UK Tribunal Allows Class Action Lawsuits Against Visa, Mastercard

Visa and Mastercard are facing new lawsuits over multilateral interchange fees.

The United Kingdom Competition Appeal Tribunal ruled Friday (June 7) that collective proceedings — which are similar to class action lawsuits in the United States — brought on behalf of merchants can proceed, Reuters reported Friday.

The two global payment processors already face several lawsuits in London over the fees retailers pay when consumers use a card for purchases, according to the report.

The cases certified Friday were brought by Commercial and Interregional Card Claims, a special purpose vehicle, in 2022, the report said. They allege that merchants were overcharged and were owed damages.

The Competition Appeal Tribunal refused to certify the cases in June 2023 but did so Friday, per the report.

When halting the proposed lawsuits in June 2023, the Competition Appeal Tribunal ruled that they could not proceed at the time but that the lawyers could later provide revised proposals.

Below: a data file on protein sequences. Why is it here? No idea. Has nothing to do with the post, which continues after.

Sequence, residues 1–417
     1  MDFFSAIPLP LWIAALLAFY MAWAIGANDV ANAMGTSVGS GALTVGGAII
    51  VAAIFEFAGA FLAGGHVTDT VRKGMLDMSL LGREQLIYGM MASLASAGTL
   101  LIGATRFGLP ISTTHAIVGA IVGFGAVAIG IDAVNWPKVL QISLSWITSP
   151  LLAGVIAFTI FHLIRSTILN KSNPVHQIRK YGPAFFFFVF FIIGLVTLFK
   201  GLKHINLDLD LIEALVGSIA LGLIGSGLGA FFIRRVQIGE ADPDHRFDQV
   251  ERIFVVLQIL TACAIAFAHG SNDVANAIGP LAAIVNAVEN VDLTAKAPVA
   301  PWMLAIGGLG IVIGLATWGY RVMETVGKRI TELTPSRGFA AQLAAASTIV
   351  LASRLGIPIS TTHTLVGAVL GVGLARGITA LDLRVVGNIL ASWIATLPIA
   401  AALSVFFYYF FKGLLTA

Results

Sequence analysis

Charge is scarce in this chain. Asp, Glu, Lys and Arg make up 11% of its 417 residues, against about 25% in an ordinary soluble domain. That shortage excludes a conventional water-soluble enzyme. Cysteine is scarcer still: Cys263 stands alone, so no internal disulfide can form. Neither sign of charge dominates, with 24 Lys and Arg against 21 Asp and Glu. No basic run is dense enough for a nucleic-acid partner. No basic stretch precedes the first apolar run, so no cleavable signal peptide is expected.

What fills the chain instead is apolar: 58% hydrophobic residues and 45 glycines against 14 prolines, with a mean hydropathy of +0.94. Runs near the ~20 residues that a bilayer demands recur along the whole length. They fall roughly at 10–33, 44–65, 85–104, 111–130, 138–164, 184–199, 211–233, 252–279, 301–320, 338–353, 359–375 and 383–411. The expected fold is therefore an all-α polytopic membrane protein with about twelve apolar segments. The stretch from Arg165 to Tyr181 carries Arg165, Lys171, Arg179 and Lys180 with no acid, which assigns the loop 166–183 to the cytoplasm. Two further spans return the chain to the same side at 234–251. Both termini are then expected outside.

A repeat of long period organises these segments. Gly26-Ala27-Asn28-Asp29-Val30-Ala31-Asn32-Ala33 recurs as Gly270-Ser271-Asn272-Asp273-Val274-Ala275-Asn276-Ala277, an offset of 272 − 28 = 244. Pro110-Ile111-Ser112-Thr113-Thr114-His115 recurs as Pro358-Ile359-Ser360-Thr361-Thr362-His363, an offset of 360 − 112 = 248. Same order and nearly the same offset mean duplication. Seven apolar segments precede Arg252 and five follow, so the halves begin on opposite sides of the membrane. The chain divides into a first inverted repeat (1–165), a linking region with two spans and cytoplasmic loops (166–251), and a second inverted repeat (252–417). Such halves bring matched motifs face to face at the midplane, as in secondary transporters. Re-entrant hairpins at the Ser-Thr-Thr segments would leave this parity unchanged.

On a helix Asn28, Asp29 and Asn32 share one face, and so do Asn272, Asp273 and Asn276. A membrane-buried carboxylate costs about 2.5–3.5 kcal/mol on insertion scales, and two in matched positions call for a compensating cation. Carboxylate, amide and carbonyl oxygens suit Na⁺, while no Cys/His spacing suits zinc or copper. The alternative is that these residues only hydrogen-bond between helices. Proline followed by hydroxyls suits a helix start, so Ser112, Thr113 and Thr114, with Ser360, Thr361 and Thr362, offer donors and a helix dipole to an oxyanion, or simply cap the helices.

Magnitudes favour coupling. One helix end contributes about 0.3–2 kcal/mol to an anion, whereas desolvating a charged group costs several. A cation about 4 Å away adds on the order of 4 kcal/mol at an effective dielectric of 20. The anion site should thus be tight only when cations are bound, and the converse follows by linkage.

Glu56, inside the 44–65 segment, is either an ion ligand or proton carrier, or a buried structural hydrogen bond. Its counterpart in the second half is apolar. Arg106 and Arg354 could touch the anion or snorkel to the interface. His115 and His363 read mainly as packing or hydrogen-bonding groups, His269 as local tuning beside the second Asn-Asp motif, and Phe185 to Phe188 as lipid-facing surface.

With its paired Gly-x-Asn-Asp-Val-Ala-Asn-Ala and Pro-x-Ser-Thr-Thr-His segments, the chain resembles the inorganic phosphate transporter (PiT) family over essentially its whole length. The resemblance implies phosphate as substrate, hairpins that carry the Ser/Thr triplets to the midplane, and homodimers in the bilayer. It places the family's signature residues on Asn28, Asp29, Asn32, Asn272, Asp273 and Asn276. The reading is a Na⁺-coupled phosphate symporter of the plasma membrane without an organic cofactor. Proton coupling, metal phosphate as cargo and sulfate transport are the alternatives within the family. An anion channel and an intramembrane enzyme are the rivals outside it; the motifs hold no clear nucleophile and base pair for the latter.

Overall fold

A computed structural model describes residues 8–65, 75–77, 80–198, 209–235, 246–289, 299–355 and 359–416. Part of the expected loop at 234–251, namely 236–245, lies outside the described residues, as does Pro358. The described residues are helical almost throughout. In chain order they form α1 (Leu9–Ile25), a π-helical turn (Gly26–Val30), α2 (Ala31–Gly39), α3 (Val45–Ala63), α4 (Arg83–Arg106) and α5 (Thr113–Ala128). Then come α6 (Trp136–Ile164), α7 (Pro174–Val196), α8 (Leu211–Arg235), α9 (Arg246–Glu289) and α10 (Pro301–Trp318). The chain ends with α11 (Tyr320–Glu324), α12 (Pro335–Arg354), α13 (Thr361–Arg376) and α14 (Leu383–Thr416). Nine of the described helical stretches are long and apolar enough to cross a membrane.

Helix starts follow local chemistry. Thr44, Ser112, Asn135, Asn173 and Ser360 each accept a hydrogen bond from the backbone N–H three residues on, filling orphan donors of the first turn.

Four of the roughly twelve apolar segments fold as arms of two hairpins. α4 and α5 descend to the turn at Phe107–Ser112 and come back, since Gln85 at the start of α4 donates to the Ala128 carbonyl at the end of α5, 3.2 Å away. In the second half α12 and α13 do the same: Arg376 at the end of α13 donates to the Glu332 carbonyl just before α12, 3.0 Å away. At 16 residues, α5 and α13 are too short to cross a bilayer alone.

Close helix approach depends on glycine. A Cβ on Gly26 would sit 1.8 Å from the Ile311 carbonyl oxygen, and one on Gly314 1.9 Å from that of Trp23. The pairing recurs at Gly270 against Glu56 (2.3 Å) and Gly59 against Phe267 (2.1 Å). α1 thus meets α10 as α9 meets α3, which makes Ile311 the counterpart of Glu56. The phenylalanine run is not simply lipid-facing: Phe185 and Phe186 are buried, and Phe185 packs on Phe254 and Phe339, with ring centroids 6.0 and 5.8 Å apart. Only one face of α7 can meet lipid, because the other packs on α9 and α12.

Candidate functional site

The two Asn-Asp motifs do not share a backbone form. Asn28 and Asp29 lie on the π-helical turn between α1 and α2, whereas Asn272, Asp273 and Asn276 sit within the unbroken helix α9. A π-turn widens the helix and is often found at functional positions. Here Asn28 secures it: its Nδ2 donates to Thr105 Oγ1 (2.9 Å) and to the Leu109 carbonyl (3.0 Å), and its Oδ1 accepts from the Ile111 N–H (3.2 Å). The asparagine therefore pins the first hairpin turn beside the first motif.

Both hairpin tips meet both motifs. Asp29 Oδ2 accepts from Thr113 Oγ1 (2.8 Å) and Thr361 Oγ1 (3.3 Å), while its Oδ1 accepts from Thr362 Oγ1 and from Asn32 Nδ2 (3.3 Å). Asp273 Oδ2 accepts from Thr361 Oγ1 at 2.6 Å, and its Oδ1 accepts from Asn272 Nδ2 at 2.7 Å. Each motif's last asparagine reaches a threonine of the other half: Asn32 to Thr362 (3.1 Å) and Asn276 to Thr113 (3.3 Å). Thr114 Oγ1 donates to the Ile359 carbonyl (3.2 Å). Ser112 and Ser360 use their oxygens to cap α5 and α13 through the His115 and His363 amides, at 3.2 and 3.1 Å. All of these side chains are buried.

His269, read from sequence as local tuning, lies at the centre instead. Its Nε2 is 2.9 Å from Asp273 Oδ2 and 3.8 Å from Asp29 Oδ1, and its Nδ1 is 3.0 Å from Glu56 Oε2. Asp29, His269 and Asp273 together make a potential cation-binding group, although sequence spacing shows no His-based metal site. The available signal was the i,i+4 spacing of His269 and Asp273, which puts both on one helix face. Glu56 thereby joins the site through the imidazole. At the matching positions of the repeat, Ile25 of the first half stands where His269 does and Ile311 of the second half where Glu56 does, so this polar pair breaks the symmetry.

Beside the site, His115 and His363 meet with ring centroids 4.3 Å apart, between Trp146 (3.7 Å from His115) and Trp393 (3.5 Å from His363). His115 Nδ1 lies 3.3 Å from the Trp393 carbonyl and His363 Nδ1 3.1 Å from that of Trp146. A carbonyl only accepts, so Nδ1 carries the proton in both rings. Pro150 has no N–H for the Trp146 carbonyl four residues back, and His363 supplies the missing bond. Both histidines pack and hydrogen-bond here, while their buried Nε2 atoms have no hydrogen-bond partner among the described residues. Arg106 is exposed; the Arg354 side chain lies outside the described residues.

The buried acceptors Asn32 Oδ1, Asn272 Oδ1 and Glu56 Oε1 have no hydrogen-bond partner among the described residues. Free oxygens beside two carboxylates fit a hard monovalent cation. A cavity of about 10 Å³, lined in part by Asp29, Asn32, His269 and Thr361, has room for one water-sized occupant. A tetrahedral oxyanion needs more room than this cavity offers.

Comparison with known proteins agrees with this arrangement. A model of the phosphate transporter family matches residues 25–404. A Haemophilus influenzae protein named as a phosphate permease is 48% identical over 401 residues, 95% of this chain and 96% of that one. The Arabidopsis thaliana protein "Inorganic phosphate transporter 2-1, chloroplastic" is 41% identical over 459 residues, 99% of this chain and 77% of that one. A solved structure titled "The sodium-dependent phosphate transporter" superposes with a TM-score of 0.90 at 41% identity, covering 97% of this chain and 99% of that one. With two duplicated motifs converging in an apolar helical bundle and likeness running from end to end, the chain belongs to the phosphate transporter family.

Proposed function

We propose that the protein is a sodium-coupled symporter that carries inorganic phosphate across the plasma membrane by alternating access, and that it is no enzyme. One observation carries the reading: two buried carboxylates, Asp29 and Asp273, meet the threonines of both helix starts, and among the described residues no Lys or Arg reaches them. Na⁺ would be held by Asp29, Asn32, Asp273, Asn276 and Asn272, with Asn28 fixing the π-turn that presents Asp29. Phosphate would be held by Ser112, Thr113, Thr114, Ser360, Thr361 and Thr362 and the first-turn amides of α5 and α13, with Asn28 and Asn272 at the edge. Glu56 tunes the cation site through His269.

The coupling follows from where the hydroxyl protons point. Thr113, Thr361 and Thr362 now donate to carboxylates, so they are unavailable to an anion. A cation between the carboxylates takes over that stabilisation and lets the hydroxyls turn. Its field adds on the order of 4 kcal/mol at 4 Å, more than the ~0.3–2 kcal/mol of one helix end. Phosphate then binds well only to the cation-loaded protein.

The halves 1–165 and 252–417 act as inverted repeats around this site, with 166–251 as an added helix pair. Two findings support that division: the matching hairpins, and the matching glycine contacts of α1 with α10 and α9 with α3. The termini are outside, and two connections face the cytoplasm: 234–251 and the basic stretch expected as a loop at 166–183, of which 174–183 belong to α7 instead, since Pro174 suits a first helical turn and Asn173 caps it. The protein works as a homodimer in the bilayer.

Visa and Mastercard argued at the time that the other lawsuits they faced in the U.K. over multilateral interchange fees negated the need for Commercial and Interregional Card Claims.

In another recent development around interchange fees — this one in the United States — Mastercard and Visa reached a class action settlement with U.S. merchants in March, in a deal that aimed to end 20 years of antitrust litigation around swipe fees and restrictions placed on merchants.

Mastercard, Visa and the plaintiffs’ lawyers said at the time that the deal would lower credit interchange rates and cap them for five years.

They said the deal would also give merchants more choice in how they accept digital payments, including allowing them to steer their customers to the merchants’ preferred payment methods and placing a surcharge on purchases made with credit cards.

PYMNTS reported at the time that while the processing fees may be lower for merchants, what comes next may leave consumers less than thrilled.

The broader implications of the dual routing agreement in the U.S. may have a wider ripple effect on some of the things consumers value most as they wield their cards at the point of sale, such as rewards programs and payments security.